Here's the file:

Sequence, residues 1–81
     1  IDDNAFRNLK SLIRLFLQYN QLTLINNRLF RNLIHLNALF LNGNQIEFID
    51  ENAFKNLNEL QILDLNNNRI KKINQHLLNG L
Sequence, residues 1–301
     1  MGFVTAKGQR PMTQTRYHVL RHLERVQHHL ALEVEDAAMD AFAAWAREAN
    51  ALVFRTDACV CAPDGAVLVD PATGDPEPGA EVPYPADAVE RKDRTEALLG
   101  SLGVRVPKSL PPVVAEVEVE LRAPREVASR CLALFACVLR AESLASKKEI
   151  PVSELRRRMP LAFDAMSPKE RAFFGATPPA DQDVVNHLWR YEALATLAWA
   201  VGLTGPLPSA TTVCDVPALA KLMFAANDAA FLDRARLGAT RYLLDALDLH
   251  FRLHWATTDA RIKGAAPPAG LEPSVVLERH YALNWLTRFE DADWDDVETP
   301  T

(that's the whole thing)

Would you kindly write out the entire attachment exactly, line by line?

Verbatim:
Sequence, residues 1–81
     1  IDDNAFRNLK SLIRLFLQYN QLTLINNRLF RNLIHLNALF LNGNQIEFID
    51  ENAFKNLNEL QILDLNNNRI KKINQHLLNG L
Sequence, residues 1–301
     1  MGFVTAKGQR PMTQTRYHVL RHLERVQHHL ALEVEDAAMD AFAAWAREAN
    51  ALVFRTDACV CAPDGAVLVD PATGDPEPGA EVPYPADAVE RKDRTEALLG
   101  SLGVRVPKSL PPVVAEVEVE LRAPREVASR CLALFACVLR AESLASKKEI
   151  PVSELRRRMP LAFDAMSPKE RAFFGATPPA DQDVVNHLWR YEALATLAWA
   201  VGLTGPLPSA TTVCDVPALA KLMFAANDAA FLDRARLGAT RYLLDALDLH
   251  FRLHWATTDA RIKGAAPPAG LEPSVVLERH YALNWLTRFE DADWDDVETP
   301  T